Trying to find some new practice activities for your existing vocabulary units? These brain-based vocabulary approaches are unique — perhaps just what you need.
Do your students smile at you when you begin a vocabulary lesson? Do they act interested or ask questions? Are they willing to try using the words in their own speaking and writing? Over the years, I’ve noticed that when I’m “on” with my vocabulary instruction, my students are, too. They’re into it, learning, and motivated. In contrast, when I rush through vocabulary instruction because of time constraints, lack of preparation, or simply lack of enthusiasm, my students can read me like an open book.
Previously, I wrote about increasing vocabulary retention in the secondary classroom. Retention is ultimately the goal of vocabulary instruction, but in order to get there, teachers need to differentiate their instruction and practice activities to reach all types of learners, which includes adding variety through learning styles and critical thinking levels. While I provided a few ideas regarding how students can interact with vocabulary words in the last post, I’d like to get more specific and explore several unique and creative avenues that teachers can incorporate into their curriculums. I teach ELA, but these brain-based vocabulary ideas can apply to word lists from any content area.
BRAIN-BASED VOCABULARY LEARNING
3 Truths and a Lie
Games are fun. If your classroom culture calls for games, engagement, and student-directed learning, try out 3 truths and a lie. The best part about this game (other than the fact that it’s enjoyable) is that students create it. Don’t get me wrong…I LOVE making games to use my classroom. Yet, vocabulary is a perfect vehicle for students to be in charge of their learning, to create something meaningful.
Put students in charge.
I simply ask them to select a word from their list and then to write down four statements about that word. I encourage them to think about the word’s part of speech, the definition, related and unrelated words, associations they may have, and the word’s personality. One of the statements they write should be a lie.
Here’s an example:
- Ubiquitous is kind of like the plague. Even if you don’t like it, you can’t get rid of it.
- Ubiquitous is an adverb.
- Ubiquitous is cousins with the words “pervasive” and “universal.”
- If cockroaches were ubiquitous, I’d move to Mars.
Your students can get as creative (or as simplistic) as they want with their sentences. After creating them, collect the statements, and put students in small groups. Have them discuss the words and statements to try to identify the lie (in the example above, the lie is #2). If you’re concerned about the accuracy of your students’ sentences and want to avoid unnecessary confusion, read through them first and have students work in groups to discuss them the next day.
Why this works:
1. Students are doing the thinking.
2. It can be straightforward (recall) or higher-order thinking (analytical), so it’s differentiated by nature.
3. It’s engaging.
4. Students will remember many of the lies and the truths, so it will help them to retain the word meanings longer.
Bumper words is a categorizing activity that helps students to learn the relationships between words on their list. If you plan to use a bumper words activity, keep that in mind when selecting your word list so that it’s easier to create the assignment. Here’s how it works.
You (the teacher) group the words into categories. You can make this into a worksheet or a graphic organizer, or you can just write them on the board to use as a class activity. Another option is to create a manipulative for small groups or station use. When you put the words into groups (of 3 to 5 is best), all of the words should relate except for one. The students’ job is to figure out which word is not related, and they bump it to the next word group. It’s a chain effect. Here’s an example:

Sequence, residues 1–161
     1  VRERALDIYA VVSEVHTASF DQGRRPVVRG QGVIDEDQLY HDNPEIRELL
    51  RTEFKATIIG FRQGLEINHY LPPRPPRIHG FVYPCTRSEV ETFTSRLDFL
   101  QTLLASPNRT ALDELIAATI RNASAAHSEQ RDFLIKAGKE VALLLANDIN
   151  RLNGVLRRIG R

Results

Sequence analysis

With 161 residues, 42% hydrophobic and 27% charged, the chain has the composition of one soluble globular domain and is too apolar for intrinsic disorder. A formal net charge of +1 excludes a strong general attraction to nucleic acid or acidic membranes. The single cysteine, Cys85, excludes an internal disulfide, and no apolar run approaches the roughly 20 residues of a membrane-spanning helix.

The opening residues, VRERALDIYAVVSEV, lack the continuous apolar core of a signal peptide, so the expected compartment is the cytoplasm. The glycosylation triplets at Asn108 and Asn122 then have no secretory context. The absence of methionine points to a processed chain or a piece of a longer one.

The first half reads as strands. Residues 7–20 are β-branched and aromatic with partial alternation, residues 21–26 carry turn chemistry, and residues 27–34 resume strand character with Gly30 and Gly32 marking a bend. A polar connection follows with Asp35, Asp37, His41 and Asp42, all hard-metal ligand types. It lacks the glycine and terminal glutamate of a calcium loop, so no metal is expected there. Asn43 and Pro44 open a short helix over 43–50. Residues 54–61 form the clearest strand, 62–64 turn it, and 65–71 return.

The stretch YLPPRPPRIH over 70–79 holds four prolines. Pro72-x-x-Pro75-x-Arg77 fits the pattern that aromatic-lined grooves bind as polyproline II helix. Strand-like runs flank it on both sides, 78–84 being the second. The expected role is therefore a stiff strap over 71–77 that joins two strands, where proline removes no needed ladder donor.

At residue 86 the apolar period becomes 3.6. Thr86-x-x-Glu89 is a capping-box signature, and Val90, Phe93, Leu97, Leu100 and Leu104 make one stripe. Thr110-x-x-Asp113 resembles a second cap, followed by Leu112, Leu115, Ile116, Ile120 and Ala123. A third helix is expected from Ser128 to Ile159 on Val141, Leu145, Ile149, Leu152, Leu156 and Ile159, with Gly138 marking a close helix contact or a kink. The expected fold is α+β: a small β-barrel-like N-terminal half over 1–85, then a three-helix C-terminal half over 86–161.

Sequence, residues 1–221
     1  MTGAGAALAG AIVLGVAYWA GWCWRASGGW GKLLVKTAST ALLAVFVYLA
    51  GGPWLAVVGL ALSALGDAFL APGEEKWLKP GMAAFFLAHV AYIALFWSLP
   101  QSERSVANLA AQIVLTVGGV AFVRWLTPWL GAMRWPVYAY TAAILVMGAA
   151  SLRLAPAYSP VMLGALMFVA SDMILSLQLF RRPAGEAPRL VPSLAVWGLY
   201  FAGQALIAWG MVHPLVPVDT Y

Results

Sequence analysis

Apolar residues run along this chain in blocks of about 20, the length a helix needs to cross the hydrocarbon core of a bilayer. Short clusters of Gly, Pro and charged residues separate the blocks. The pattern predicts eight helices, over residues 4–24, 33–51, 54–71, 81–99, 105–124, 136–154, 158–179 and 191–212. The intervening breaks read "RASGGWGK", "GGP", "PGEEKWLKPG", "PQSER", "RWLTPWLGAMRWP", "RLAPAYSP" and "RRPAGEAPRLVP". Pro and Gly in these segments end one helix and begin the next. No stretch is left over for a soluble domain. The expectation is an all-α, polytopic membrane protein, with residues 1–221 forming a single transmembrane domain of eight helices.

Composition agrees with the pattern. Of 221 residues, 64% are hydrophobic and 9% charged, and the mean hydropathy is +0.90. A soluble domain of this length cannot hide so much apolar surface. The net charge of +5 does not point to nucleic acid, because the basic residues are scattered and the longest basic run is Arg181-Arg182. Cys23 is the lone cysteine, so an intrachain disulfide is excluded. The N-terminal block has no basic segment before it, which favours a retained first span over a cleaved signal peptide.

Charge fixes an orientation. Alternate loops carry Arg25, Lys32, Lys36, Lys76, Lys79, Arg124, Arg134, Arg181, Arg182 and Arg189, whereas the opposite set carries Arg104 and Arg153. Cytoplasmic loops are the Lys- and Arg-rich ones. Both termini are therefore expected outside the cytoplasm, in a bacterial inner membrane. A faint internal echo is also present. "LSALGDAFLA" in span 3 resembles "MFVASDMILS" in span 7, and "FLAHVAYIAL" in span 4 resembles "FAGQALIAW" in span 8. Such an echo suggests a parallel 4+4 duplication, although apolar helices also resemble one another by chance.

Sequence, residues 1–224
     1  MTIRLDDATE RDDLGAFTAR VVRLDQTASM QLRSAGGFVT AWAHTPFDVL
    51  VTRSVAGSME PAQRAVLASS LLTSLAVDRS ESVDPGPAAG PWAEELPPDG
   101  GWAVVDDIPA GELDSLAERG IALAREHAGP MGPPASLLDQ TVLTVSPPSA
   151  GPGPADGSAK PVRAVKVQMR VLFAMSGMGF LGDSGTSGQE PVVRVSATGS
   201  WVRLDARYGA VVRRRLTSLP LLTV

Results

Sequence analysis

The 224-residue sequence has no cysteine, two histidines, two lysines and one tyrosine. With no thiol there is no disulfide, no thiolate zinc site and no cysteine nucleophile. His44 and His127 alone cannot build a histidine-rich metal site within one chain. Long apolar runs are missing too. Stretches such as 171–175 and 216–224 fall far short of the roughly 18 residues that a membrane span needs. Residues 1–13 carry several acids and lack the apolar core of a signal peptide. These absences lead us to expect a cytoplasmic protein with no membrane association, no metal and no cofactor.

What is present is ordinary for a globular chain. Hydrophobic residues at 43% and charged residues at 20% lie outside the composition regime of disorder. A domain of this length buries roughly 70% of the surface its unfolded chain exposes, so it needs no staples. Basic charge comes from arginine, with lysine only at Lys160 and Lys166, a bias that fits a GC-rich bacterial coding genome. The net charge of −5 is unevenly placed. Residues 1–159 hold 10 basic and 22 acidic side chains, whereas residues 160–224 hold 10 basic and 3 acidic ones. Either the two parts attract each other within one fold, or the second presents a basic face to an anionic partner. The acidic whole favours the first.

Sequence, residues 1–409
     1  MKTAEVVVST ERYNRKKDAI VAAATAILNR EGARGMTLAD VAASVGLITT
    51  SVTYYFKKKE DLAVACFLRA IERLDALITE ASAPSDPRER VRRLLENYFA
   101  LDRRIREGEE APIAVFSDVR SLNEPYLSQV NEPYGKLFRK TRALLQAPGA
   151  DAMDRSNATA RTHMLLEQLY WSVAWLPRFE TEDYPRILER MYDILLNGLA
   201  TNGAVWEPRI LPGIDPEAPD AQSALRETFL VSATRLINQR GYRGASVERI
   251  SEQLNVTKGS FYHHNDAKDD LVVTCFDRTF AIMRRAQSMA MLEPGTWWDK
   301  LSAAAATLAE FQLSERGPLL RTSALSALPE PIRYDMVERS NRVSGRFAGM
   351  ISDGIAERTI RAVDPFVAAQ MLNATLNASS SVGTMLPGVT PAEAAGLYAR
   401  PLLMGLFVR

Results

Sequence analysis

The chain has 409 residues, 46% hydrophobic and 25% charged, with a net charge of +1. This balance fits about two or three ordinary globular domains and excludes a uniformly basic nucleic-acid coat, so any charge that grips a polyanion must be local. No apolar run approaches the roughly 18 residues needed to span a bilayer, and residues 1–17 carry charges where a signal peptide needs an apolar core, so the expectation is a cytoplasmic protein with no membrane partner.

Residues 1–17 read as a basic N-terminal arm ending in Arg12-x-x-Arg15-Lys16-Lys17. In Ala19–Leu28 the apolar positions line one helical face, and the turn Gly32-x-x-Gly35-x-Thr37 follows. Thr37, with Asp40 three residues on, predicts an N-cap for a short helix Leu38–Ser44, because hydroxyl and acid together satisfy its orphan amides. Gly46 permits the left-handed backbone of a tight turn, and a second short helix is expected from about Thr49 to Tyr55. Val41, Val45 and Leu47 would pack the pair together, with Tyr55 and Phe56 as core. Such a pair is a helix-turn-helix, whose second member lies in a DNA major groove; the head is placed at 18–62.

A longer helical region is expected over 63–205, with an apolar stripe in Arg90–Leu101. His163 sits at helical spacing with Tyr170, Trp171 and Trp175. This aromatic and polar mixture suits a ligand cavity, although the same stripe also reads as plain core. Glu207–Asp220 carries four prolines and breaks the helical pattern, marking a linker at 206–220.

As you can see, in the first group of words, abase, demean, and humiliate can all be related, but extol does not fit. So, it gets bumped to group two, where students look for another ill-fitting word that is then bumped to group 3, and so on. When creating this activity, you can use words that are not on your vocabulary list to complement the ones that are.
Again, if you want to ask your students to think more critically about their words, you can ask them to create a bumper words chain using all or some of the words on their list. This works well as a group assignment. Students could create their bumper words combinations on a piece of easel paper or large poster board, and then groups can rotate around the room to try to solve each other’s puzzles. If you choose to have students create their own examples, it would be beneficial to show them how to make one by modeling it together or analyzing an existing example first.
Why this works:
1. Students are thinking about the words and how they relate to other words, thereby making associations – great for brain-based vocabulary learning!
2. Once again, this activity can be differentiated by ability level.
3. It engages students in meaningful interaction with their words.
4. It’s unique…your students probably haven’t heard of this one before. Ride the novelty wave.
Personify a Word Using Social Media
Because social media is such a pervasive aspect of twenty-first century learning, I’m always looking for healthy ways to incorporate it in my classroom. One of the things I love about teaching vocabulary is that it can be creative. Words can be given personalities based on their meaning. I often ask students to personify a word in order to get them to think about it differently.
Here are four of my favorite assignments that include word personalities using social media:
- Facebook: Have students create a Facebook poster based on one of the words on their list.
- Twitter: Ask students to create a Twitter profile and feed for a word.
- Instagram: Students can create a scrapbook or Instagram posts for their word.
- Pinterest: Give students the task of creating a Pinterest profile for a word, including a list of boards and pins that would relate to that word.